I really enjoy the holidays, for the most part. I like getting stuffed on sugary desserts, sleeping in, traveling and catching up on my reading list. But with the holidays come chit-chat, which means I always have to explain what I do for a living.
To me, content strategy is a no-brainer: I strategize ways to create and disperse multi-media content in the most effective way possible within a set of parameters dictated by an editorial calendar. But that begs the questions “what kind of content?” “Do you make videos?” “Are you a writer?” “That sounds like something a media planner or brand strategist would do, right?”
The best way I can explain what I do for the majority of my week is as follows: I sit back and carefully consider the publishable assets that are currently available to me and my client, and brainstorm those assets that need to be created. I consider the brand’s current customers, its prospective customers and its latent customers who can benefit from digesting textual or visual content that we’ve carefully placed in their line of sight. I consider the company’s needs and identify ways that we can create media that can help drive sales, increase engagement, foster goodwill and facilitate a rich user experience.
I’m a big fan of referencing my academic experience in rhetoric and composition when explaining my work, because it serves to prove that content strategy isn’t a flash-in-the-pan reinvention of traditional marketing – it’s a method of fully utilizing the historic principles of classical rhetoric.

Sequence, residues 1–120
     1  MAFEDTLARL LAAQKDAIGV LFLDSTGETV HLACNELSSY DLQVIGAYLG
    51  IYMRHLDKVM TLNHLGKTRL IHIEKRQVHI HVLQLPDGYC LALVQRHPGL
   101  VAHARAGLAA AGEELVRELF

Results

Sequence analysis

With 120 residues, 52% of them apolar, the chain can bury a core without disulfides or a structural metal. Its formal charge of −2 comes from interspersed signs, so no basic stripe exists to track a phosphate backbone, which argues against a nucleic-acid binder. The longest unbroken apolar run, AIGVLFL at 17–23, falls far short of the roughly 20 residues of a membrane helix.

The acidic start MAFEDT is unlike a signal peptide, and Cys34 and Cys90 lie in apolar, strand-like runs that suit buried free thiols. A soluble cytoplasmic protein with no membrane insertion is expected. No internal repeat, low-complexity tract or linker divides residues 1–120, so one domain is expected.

When you’re creating content, you often begin with personas. You’re considering the audience, first and foremost and using methods of persuasion that appeal to a targeted audience.
Carefully planned editorial calendars keep a strategy on track, and help you get a big picture view of your content map months down the line. By developing editorial calendars (often shared with the department, sometimes private for my own reference and revision) I can ensure that I don’t have duplicate topics or tangential articles that deliver little or no value to the consumer. It helps to offer transparency between team members and brings everyone into the fold to create the most effective messaging strategy possible.
In my current role, I write…a lot. I write blog articles, respond to social media complaints and inquiries, edit brochures and white papers, draft award submissions and work on almost anything else that has words on it. As we work toward developing a style guide for a consistent tone and voice across communications, we’ll expand these duties throughout the department, but for now, my duties as a “writer” are primarily to maintain a consistent brand presence.
There is a lot more that I do on a day-to-day basis. With digital media comes the technological side of SEO, taxonomy, 404 errors, redirect issues, page load, duplicate content considerations and a host of other governance issues related to content strategy. It’s a role that is continually evolving and has quickly evolved for me. Three years ago, I was an SEO copywriter and now – while I am still an SEO copywriter some of the time – my job has morphed into vendor management, analysis, social media and community management, brand strategy, establishing a POV and tone of voice and whatever else comes my way.
It’s an exciting and expanding job, and I love doing it. If you have any questions about content strategy for your business in Atlanta, or just want to talk about your communications roadmap, give me a call. I love working with new people to help transform their messaging.